Query string-driven URL schemes considered annoying. (Why you should use path info instead.)
Posted on: May 17th, 2005 4:52 AM GMT
Topic: tech, web development, programming
Perhaps I should have labeled this one “Query String-Driven URL Schemes Considered Harmful”, but you're not shooting yourself in the head by using query strings, just the foot. Let me start by giving you the high-level, nerd-oriented version of the point, and if you're quick on the uptake or I'm just preaching to the choir, then maybe you can skip the explanation:
Query string dependent URL schemes for content-driven websites reduce the site's signal to noise ratio by burying the semantic value of a URL—the pointer—inside the query string. Specifically, such URLs are less usable to the infrastructure of tools that make the web open and transparent.
A query string dependent URL scheme:
Which contrasts with a path-based URL scheme:
It's tempting to use the former approach because it appeals to our programmer sensibilities. URLs become a parameterized function call. Plus, the more traditional path-based URL schemes smack of "static" websites. It's therefore tempting to use query strings to flaunt the fact that the website is dynamic and not static (God forbid).
Whatever the case, the temptation should be resisted! A URL that references a piece of content, be it a discussion thread, a blog posting, an article, an image, whatever, should look like a regular path-based URL.
Pollution in the ecosystem
Granted, a user sitting in front of a browser doesn't care about URL schemes. But people surfing web pages through browsers is only the end result of a much larger process. On the web, a whole ecosystem exists of spiders, analyzers, mirrors, caches, fetchers, savers, archivers and other tools. Directly or indirectly, these tools extend the broadcast range of the web to a much greater audience. In a nutshell, this ecosystem of tools puts your content in front of users. Google is a prime example.
Query string based URL schemes are like pollution in the ecosystem. Tools don't know how to deal with them. How does a program know the difference between these two URLs for example:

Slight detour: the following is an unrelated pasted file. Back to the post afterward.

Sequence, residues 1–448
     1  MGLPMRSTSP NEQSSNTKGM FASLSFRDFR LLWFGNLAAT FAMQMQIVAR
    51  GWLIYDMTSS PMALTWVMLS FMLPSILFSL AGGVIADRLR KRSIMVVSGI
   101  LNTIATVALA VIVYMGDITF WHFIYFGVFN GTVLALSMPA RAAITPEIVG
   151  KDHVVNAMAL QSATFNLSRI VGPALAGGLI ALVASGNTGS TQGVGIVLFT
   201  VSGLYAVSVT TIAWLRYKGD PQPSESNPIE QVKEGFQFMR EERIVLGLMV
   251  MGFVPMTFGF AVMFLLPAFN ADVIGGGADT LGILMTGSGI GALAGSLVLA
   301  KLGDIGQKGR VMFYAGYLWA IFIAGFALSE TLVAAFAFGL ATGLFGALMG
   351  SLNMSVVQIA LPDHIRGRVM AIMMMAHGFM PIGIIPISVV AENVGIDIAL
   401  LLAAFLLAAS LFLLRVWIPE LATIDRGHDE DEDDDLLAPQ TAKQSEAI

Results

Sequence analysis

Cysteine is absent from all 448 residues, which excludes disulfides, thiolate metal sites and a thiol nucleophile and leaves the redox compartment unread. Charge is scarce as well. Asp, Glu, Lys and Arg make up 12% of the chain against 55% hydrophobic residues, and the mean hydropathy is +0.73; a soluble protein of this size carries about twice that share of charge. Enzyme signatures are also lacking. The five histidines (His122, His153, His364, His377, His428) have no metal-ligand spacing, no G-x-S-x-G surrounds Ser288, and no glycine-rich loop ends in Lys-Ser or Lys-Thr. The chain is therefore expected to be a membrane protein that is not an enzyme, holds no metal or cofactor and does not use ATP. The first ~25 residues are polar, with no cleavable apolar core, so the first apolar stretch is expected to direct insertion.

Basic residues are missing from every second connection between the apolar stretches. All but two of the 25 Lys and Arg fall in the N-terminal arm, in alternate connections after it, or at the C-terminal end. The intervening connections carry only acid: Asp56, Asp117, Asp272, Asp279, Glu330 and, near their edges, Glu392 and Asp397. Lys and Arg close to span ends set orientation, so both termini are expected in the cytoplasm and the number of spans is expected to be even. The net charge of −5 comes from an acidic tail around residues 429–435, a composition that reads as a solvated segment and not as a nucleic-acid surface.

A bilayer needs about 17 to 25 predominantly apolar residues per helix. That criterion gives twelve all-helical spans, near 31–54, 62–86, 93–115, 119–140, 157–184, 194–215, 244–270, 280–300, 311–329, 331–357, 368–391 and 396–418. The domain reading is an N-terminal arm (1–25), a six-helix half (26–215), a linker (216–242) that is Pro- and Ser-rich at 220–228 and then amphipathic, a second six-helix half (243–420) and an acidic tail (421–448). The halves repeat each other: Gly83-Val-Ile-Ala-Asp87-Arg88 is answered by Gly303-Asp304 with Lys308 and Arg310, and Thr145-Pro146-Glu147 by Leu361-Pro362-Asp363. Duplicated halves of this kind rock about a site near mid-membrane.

How can a search indexer be sure that if it spiders every query string link on your site, it won't generage an infinite number of variants and use up all its memory? It doesn't. Query string based URLs are a huge field of uncertainty and are often ignored or truncated, which translates directly into into problems for website owners.
If you're writing a content management system, be it a blog, discussion forum, wiki or whatever, consider using pathinfo to map URLs to content. If you have a servlet mapped to
/blogs, and a request is made to
/blogs/phil/posts/5162005.jsp, then the string
"/phil/posts/5162005.jsp" is passed to the
/blogs servlet as pathinfo. The code to integrate this into an MVC framework almost writes itself. If I were writing a Java-based content management system from scratch, I'd use path based URLs to link to content (e.g.
/blogs/phil/posts/5162005.jsp), and I'd use a blended approach for user actions (e.g.
/blogs/phil/console.jsp?command=logout). PHP has the same capability. Visit my archive page and click on one or two items to see it in action.
Finally, here are code samples showing how to access pathinfo in both JSP/Servlet and PHP:
<% // JSP String pinfo = request.getPathInfo(); %>
<?php // PHP $pinfo = $_SERVER['PATH_INFO']; ?>